The second thing we need to create genuine racial equity is to look at the impact of our institutional practices. When the rules of an institution are written down, we call them policies, but unwritten rules also shape institutions, in the form of repeated individual behavior, traditions, rituals or common approaches to problems.
Senate Majority Leader Harry Reid called for the NFL to take a stand against owner Dan Snyder -- who insists on preserving a team name that many consider racially insensitive -- the way the NBA did against Donald Sterling. Snyder has continued to defend his recalcitrance in the name of "tradition" and to prove his lack of animus toward Native people by establishing a foundation.
If I stretch, I can accept that Snyder has no real animus toward Native Americans. Yet, the fact is that stereotypical sports mascots dehumanize the people they represent. Holding onto such a symbol bolsters an image of Native people on which other people negatively act.
Lastly, we have to recognize that people who have been marginalized need power to generate racial equality. The tools that create the presence of equity, not just the absence of hostility, have little chance of being implemented in situations where people of color are not organized for collective power.
One such tool is the Racial Equity Impact Analysis, which allows us to predict bad outcomes and change course. It works like an environmental impact analysis, which requires any building project to account for potential pollution, noise, traffic and other environmental factors.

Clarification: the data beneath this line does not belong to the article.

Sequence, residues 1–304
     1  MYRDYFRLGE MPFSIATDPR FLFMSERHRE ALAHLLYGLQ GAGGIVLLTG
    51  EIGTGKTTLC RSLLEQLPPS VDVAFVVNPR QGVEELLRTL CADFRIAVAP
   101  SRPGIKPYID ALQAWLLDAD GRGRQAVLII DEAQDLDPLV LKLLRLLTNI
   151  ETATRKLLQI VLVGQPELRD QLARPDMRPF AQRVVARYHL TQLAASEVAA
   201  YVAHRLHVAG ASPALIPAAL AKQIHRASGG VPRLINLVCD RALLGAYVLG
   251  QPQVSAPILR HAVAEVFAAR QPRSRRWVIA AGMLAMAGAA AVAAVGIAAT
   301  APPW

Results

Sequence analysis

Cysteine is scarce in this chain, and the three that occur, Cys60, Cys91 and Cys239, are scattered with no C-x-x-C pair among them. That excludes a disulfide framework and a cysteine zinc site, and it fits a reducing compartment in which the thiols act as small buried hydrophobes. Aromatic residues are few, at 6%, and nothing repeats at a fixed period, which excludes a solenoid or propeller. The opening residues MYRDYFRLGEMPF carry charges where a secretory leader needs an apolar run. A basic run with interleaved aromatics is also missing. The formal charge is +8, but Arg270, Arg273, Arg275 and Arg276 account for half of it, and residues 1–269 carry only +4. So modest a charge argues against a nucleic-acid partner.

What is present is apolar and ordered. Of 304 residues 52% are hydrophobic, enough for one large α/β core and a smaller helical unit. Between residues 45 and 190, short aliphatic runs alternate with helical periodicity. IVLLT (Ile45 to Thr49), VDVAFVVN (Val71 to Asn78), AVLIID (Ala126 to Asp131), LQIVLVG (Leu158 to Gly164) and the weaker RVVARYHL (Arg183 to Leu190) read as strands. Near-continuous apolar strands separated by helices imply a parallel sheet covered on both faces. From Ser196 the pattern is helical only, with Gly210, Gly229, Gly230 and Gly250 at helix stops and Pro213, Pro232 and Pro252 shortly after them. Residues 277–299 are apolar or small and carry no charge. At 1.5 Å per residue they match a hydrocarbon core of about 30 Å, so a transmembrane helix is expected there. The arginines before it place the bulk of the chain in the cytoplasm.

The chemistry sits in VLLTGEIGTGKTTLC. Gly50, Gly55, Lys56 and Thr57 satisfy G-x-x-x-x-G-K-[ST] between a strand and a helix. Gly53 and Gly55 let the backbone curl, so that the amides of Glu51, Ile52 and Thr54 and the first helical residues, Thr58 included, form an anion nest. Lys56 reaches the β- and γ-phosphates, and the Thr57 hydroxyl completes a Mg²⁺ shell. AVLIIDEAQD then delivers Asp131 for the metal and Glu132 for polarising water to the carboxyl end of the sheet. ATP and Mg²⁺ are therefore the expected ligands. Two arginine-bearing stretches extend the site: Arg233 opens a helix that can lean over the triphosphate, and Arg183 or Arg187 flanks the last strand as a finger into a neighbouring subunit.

This worked in Minneapolis, when the Education Equity Organizing Collaborative, a coalition of communities of color, pressed the school board to conduct a racial impact review of proposed school closings. In a rare reversal, the analysis led them to cancel the closing of a community school serving Somali students and to expand the school options available to Native Americans.
Now, the Minneapolis Board of Education has adopted a policy of conducting impact analysis on all decisions that affect student learning and resource allocation. None of that would have happened if communities of color weren't organizing themselves.
If we want racial equity, we have to want that kind of power-building, too. As we debate issues such as voting rights and affirmative action, the effect on a community's ability to assert its interests has to be part of our calculation of what makes good policy.
As a nation, we've come a long way on race, as evidenced by the fact that Sterling was not only condemned by individuals but also sanctioned by an institution.
There's nothing stopping us from using these news stories to launch a forward-looking, highly effective, unifying approach to our persistent racial problems.
We can generate fairness -- not just punish hostility -- if we have the courage to be explicit, focus on the rules and their impact and encourage power building among people of color.
That's what it means to be brave. It's an American virtue. We can feel encouraged to see it in action every day, and we should never stop pushing for more.